By Kay Newton
In 1519 CE, Hernán Cortés, a Spanish commander, arrived by sea to Mexico. The first task for his 600 men was to destroy the ships they had sailed on. They had to conquer the New World or die. There was no turning back.
When you reach a point of no return, you have to continue with what you are doing. It is too late to stop. It is a powerful exercise that most of us can relate to at times in our lives.
Edinburgh-based business coach and digital marketing strategist Sudha Mani is a professed introvert. Born in Chennai in the southern Indian state of Tamil Nadu, her Hindu upbringing was very diverse, a balance of spiritual and academic. Sudha’s grandmother was fascinated with the occult sciences, and her grandfather, a mathematician and educator. Her father became a businessman and her mum an office stenographer.
Sudha’s grandma woke her at 4 am for meditation, yoga, breakfast prepared using Ayurvedic principles, and chores before school. Sudha still actively practises yoga and meditation and loves to cook.
She says, “As a teenager, I wanted to be a doctor, but I could not get into medical college, so I ended up taking computer science, which I did not like! One day my grandmother said, ‘When you get a lemon, make lemonade. There is no need to throw away what you have, you can just sweeten it up’.”
A few weeks later, she came across an opportunity to create a project at the University. “I had to work in the college as there was no computer at home. I completed it in three days. It led to a small financial scholarship, which I used to buy computer science books,” she narrates.
It was not always easy for Sudha. As a woman in computer science, she was an outsider in a class full of boys. “Yet I never let this be my story. I listened to what others had to say, to the unconscious bias, yet I always chose my own council. Because I love being analytical and innovative, computer science kept me on my toes,” she says.
After graduating from Bharathiar University in Coimbatore, Sudha started a tech and digital entrepreneurial journey with two friends. Unfortunately, one of the business partners died suddenly from a brain illness, and the entrepreneurial adventure came to an abrupt halt.
“I had an aspiration to go abroad, but I was denied a visa to the US. Shortly after, I was approached by a UK agency to work for British Petroleum as a technical architect in London,” shares Sudha. At the age of 26, Sudha moved to the UK with just £150 in her hand and a one-way ticket.
There was no going back.
“It was not easy. I was naïve yet determined to make it work. I am an eternal optimist, which helped me deal with permits, agencies, and stalled or failed payments. I learned so much about life in general,” she says.
Three years later, Sudha got a project in Scotland. “I moved in 2003, and I fell in love with the area immediately. There is something in Scotland that calmed my hyperactivity. I felt as if at last I had come home.” She went on to do her MBA from the University of Edinburgh.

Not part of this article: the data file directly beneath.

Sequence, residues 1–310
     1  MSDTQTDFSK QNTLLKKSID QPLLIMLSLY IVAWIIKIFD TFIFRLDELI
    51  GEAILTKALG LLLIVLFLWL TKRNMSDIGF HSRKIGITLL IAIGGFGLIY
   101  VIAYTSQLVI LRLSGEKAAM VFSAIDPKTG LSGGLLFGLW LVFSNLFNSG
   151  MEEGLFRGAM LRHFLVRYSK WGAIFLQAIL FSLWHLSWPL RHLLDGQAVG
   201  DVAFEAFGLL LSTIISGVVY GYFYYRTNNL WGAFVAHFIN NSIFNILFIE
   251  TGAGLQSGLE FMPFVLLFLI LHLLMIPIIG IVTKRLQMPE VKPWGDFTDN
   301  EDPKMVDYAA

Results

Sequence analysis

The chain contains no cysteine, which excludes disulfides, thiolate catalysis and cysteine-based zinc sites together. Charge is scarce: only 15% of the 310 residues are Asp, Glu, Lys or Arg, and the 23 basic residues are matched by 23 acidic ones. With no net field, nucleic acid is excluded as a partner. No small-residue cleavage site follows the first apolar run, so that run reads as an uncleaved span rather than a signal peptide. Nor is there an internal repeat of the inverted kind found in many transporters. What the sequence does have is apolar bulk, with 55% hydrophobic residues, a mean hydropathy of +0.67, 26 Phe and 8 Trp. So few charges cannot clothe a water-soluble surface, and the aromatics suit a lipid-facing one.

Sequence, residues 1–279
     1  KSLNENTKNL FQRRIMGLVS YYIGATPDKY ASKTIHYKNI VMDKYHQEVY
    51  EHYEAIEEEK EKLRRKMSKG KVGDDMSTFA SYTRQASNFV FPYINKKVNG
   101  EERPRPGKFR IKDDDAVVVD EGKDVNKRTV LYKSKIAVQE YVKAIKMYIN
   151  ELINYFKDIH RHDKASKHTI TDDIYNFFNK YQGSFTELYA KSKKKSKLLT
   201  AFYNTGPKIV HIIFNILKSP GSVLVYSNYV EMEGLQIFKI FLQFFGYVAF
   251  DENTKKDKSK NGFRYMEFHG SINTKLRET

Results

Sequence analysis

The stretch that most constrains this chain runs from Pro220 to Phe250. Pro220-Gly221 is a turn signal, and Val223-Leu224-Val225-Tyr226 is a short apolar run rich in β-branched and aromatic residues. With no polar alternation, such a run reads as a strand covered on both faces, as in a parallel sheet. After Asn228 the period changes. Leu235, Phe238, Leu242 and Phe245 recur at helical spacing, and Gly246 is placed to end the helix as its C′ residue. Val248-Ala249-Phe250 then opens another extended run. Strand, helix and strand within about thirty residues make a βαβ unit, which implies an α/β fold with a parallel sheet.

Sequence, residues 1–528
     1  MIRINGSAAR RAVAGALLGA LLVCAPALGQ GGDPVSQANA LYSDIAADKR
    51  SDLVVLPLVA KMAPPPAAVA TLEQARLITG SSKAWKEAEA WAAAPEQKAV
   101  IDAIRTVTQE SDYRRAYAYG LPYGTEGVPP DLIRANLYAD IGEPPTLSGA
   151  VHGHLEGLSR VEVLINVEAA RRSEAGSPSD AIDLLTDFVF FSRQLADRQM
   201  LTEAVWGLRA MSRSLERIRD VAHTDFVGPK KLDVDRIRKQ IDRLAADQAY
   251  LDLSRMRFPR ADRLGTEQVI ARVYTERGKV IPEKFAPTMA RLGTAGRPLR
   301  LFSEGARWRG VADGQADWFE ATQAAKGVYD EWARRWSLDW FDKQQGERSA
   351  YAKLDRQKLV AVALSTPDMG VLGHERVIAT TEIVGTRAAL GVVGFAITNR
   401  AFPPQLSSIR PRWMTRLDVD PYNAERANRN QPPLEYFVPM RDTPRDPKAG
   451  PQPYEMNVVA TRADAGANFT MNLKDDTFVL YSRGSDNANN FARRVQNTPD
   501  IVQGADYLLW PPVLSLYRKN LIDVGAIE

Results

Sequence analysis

As well as consulting with private and public organisations on change and transformational projects, Sudha is also passionate about empowering girls and young women to study STEM subjects (science, technology, engineering and maths). She often gives talks on business and leadership.
Sudha has five pieces of advice for anyone at a crossroads in life.
You are here for a purpose: Life is not easy. You are here on the planet for a purpose. Do what you have to do, as long as it doesn’t harm anyone. Find a way to work towards your goals, despite what others tell you. Have the belief that you will make it happen. Hold onto the faith in yourself and the universe.
Be the eternal learner: Equip yourself with knowledge and skills. You never know when you will use what you understand. Find rare skills to differentiate yourself.
Never lose your individuality: Learn where to bend and where to stand stiff. When critical feedback is given, ask – is it for your sake or their sake? Believe in your intuition, and it will lead you to the truth.
Don’t adopt others’ ideology: People always have an idea about you in their heads. It is not about you – it is about them. Disrupt this. The only thoughts that matter about you are yours.
Freedom is an internal process: Time is the most valuable resource, and when used wisely, it leads to freedom. Freedom is an internal process, not an external one. Do not be afraid to fail, as the feedback will help you correct course.
Finally, Sudha says, “You do not need to be like Hernán Cortés and burn everything. Decide which boat or bridge you want to burn. Some bridges are crossed once in your lifetime. Others should never be attempted. Finally, there are those that you will want to cross more than once. Be brave with your decisions and, most of all, have no regrets.”
Find Sudha at www.sudhamani.com.
First published in eShe’s March 2021 issue